MURDER is out and faith is in with Tempo Theatre’s new instalment of “A Vicar of Dibley Christmas”. Opera singer Karyn Tisdell plays Vicar, Geraldine and all the characters from the British TV series are […]
EXOTIC dancer Lola Montez is one of Australia’s more intriguing historical characters, whose main claim to fame is that she reportedly scandalised the Ballarat miners with her erotic spider dance and horsewhipped an unfortunate theatre critic who gave her a bad review.
Not wanting to risk a similar fate, I’m pleased to report that writer Jackie Smith has cleverly embellished this information with her own imaginings to fashion an entertainingly subversive and intriguing script, for which director, Moira Finucane has devised a gloriously theatrical production, utilising elements of burlesque razzle dazzle to sugar coat messages of body image, celebrity, and girl power.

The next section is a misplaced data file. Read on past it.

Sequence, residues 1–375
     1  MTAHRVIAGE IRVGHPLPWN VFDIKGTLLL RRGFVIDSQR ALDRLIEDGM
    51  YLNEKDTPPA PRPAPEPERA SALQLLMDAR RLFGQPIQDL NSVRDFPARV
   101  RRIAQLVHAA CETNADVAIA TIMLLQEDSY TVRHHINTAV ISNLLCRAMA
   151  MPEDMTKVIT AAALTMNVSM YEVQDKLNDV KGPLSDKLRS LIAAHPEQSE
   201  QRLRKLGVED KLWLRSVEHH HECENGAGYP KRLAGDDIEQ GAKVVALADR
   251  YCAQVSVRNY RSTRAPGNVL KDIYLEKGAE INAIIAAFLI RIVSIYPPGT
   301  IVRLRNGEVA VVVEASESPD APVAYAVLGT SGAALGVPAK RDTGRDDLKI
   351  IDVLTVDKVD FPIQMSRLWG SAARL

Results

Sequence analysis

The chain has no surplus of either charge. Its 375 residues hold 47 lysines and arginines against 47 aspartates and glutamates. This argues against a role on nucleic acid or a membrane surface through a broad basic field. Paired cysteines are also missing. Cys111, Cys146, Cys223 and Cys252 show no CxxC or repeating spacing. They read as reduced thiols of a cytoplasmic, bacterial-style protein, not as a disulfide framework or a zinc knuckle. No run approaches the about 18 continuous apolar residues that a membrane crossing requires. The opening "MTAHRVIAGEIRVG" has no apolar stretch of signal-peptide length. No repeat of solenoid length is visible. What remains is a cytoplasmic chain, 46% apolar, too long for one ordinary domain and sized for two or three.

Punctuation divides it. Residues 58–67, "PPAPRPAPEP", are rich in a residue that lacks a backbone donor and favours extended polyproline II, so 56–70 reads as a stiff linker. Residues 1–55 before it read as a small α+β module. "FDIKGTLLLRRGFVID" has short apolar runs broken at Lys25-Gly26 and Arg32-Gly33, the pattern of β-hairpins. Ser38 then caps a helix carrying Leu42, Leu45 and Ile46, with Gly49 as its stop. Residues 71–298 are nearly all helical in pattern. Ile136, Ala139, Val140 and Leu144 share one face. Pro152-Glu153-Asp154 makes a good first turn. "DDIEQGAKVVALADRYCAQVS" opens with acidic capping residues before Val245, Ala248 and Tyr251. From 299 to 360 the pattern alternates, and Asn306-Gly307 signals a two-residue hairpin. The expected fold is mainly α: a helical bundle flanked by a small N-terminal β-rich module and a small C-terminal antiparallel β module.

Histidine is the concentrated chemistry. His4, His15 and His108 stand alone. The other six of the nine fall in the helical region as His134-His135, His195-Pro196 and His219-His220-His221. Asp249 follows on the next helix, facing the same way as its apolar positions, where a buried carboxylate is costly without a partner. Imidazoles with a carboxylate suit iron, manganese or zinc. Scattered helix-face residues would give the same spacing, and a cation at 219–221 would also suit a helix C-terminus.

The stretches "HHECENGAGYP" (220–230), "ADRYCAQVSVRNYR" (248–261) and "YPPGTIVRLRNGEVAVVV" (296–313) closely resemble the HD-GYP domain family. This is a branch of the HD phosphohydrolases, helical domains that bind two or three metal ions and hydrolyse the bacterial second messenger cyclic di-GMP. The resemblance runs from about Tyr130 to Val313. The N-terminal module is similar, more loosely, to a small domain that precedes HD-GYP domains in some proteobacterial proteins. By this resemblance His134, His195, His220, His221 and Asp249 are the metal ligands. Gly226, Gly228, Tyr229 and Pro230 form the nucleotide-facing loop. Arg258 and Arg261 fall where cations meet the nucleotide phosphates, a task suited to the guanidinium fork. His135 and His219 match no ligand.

Red-fringed curtains, red lanterns and red roses decorate the space. A large wooden cabin trunk, which doubles as an altar, a bed or a podium, is positioned centre stage together with an elegant chair draped with a Spanish shawl.
Caroline Lee gives a spell-binding performance as Lola Montez, drawing on her considerable acting skills to create a character who teases and tantalises throughout the prolonged verbal striptease.
Beautifully gowned, she flirts outrageously, always promising more as she weaves together fact and myth to lead her audience up a proverbial garden path, where in the stunning spider-dance finale, all is revealed literally.
Seamlessly weaving in and out of the Lola’s story, dancer Holly Durant performs a series of glamorous burlesque routines which slyly comment on Lola’s story while adding additional sex appeal and eye candy to an already remarkable presentation.